In the second installment, after ranking the Atlantic Division's top five point guards, we'll follow suit with the shooting guards. Another position that has stepped up in terms of talent.
Four of the five Atlantic Division teams will display a new shooting guard, continue reading to find out where they rank.
Despite a recent decline over the past two seasons, Jason Richardson earns the fifth and final spot on our top five. This past season, Richardson average 11.6 points, 2 assists and 3.6 rebounds a game. At a quick glance, these numbers don’t jump out at you as they are similar to most of the other mid-level shooting guards in the Atlantic Division.
He plays average defense due to the fact he is 31 years old now, but is not a complete liability. The reason Jason Richardson made this list is his three-point shooting. He can absolutely light it up behind the arc.
Last season, he hit 40 percent of the shots he took from behind the line. The only other shooting guard in the Atlantic Division to convert at such a high rate is Courtney Lee of the Celtics, who made the No. 4 spot on our rankings.
Given the lack of depth of shooting guards in the Atlantic Division, Jason Richardson remains one of the top in his division.
With Avery Bradley slated to miss the start of the 2012-13 season, Courtney Lee will be expected to shoulder a rather significant role until Bradley is able to return to the lineup.
Despite a leaner stats line of 11.4 points, 1.5 assists and 2.7 rebounds, Lee is poised to flourish in Boston. He is an excellent defender, proven by his work against Kobe in the 2008 finals as a rookie.
He is very athletic and will be able to not only disrupt his opponent on the defensive end but he can keep pace with Rajon Rondo spreading the floor and creating cuts to the basket on fast breaks. You can also expect Lee to hit big-time baskets, especially with a 40 percent three-point conversion rate.
While he may not be a superstar, his skills are perfectly tailored to mesh with the rest of the Celtics lineup and be a significant contributor for his new team.
J.R. Smith is a true wild card here at No. 3. Despite averaging just 12.5 points a game this season, accompanied by 2.4 assists and 3.9 rebounds, Smith is one of the better shooting guards in the Atlantic Division.
He began his season in China as a result of the lockout we all know too well. He was forced to miss training camp, which is vital to develop chemistry, especially on a new team. Smith also missed part of the regular season further setting him back with gaining comfort with his new teammates. He also was forced into a role in New York that was not his strength.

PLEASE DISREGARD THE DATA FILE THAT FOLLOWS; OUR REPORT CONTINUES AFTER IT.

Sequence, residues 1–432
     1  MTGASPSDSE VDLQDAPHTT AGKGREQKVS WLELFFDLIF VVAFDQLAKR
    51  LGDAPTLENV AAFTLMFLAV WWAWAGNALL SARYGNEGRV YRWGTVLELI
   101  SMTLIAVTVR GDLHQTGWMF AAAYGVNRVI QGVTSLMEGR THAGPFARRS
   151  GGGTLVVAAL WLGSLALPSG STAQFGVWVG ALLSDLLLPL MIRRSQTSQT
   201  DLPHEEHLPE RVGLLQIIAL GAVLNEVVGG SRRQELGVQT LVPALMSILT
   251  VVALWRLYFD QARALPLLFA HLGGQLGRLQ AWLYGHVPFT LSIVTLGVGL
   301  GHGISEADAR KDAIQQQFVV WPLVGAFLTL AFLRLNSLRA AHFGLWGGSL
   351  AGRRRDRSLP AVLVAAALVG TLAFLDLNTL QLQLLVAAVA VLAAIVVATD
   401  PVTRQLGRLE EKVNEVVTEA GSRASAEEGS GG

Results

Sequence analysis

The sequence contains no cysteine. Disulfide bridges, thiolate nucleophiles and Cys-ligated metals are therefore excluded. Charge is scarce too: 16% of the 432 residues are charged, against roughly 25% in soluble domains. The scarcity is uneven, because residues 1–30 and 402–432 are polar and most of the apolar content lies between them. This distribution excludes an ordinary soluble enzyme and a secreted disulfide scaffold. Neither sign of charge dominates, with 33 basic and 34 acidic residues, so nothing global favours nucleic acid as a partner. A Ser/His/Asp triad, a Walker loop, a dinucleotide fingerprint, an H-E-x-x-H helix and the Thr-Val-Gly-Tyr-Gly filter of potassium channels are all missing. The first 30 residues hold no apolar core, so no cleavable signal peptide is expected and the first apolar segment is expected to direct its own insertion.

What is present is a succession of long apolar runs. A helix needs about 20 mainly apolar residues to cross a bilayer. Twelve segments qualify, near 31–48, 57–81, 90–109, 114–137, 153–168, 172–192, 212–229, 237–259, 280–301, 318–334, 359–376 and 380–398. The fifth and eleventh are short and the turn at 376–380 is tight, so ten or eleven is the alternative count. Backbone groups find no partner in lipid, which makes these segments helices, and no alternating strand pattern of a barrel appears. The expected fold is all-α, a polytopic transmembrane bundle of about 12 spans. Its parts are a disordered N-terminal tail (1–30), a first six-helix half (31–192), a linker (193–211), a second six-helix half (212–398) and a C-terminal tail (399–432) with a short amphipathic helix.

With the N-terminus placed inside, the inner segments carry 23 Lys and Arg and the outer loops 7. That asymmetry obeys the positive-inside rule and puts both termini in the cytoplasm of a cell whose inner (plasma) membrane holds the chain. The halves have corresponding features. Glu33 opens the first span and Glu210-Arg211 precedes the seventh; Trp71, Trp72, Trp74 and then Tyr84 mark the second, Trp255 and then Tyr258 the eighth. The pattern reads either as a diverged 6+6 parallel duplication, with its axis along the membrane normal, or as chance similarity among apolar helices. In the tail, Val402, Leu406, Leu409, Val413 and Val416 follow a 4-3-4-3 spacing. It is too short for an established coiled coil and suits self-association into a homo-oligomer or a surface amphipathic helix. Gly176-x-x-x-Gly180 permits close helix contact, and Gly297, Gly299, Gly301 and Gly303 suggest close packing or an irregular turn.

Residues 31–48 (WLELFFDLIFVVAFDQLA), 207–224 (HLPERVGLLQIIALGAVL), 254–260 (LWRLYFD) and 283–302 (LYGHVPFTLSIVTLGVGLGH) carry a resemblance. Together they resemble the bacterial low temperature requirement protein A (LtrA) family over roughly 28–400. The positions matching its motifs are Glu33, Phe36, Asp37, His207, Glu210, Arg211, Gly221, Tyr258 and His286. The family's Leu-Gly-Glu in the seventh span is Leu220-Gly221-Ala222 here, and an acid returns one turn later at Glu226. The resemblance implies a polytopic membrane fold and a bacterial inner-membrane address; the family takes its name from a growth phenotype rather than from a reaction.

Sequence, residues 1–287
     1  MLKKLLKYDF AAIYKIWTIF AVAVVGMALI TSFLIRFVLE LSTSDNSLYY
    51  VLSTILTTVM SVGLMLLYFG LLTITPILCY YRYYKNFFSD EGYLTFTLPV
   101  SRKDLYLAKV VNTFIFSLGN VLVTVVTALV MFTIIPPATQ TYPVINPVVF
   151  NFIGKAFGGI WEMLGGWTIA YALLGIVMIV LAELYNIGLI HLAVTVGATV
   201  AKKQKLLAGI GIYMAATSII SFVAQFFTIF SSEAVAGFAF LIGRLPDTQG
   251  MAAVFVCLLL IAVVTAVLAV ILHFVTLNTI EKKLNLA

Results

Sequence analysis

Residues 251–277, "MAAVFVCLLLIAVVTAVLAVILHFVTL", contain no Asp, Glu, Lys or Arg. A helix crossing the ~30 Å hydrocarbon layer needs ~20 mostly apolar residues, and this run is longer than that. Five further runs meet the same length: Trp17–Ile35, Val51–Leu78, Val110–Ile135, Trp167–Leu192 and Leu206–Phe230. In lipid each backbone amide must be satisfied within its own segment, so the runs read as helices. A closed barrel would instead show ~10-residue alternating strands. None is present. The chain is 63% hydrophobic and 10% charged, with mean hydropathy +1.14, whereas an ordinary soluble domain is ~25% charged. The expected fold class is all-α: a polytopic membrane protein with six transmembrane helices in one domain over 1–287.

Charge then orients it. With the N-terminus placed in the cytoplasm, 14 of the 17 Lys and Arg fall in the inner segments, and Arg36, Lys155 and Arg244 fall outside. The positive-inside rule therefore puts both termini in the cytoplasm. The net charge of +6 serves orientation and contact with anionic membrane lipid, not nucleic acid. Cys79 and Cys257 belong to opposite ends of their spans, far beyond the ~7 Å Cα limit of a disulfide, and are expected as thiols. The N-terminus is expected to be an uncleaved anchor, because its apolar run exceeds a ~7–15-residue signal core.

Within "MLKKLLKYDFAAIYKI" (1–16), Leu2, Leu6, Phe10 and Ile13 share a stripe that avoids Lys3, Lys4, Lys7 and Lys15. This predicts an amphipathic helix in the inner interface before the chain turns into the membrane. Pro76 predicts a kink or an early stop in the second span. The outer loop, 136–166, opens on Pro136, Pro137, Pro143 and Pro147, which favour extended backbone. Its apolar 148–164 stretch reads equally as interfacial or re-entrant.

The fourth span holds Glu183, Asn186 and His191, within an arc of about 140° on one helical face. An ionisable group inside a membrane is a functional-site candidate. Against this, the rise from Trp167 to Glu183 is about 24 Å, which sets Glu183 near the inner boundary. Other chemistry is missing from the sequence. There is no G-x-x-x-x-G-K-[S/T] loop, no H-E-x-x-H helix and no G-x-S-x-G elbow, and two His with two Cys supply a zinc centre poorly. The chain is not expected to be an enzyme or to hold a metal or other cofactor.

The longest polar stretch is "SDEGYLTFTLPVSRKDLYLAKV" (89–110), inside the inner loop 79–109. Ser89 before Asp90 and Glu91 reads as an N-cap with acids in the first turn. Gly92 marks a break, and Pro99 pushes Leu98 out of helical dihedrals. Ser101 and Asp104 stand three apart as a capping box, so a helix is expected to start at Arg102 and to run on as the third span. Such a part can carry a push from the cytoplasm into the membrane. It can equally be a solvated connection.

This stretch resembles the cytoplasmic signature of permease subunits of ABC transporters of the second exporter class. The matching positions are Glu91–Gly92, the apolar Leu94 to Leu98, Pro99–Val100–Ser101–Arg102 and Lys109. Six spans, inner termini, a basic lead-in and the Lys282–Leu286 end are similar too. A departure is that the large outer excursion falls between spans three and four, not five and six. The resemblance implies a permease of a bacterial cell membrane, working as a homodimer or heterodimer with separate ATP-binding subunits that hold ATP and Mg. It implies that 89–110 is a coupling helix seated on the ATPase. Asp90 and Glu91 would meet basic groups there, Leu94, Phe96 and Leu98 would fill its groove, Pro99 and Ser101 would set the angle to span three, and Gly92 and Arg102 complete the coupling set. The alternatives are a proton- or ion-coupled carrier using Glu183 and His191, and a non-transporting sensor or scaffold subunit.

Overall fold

Smith has a great ability to come off of the bench and give you 20 points any night and play hard-nose defense, but in his first season in New York, he was forced to try to create shots for his teammates and run the offense. His production dipped as a result of being uncomfortable and playing the wrong role.
His defensive awareness also suffered. Smith can shoot the lights out of the ball when he is in rhythm and comfortable. With a full offseason and training camp coming up, he will gain the reps he needs to return to one of the top shooting guards in the Atlantic Division.
One might question why a bench player would be as high as No. 2 on our list. There is one clear answer to this question. Production.
The Sixth Man is a role that Jason Terry thrives in and his numbers speak for themselves. His 15.1 points per game is top three among shooting guards in the Atlantic Division. He also averaged just under four assists and four rebounds per game last season, proving he is a valuable asset and will contribute immediately for the Celtics, something they will need to fill the void left by Ray Allen’s departure to South Beach.
Unlike Allen, Terry is comfortable coming off of the bench which helps create a team atmosphere and smooth rotations for Doc Rivers. This unselfishness increases his value as a shooting guard and serves as a great role model for younger players.
A clear no-brainer here for the top spot. Following a 2011-12 campaign in which we saw Johnson average just under 19 points, four assists and four rebounds a game, it would be hard to argue to place him any lower.
He has excellent ball handling for a shooting guard, and is very capable of running an offense should he have to. He is a superb three-point shooter converting on 38.8 percent of his shots from downtown.
He has averaged at least 20 points a game five times in his career from 2005-2010. With a pass-first point guard in Deron Williams, I wouldn’t be surprised to see those type of numbers this season.
This article was first featured on Atlantic Twine.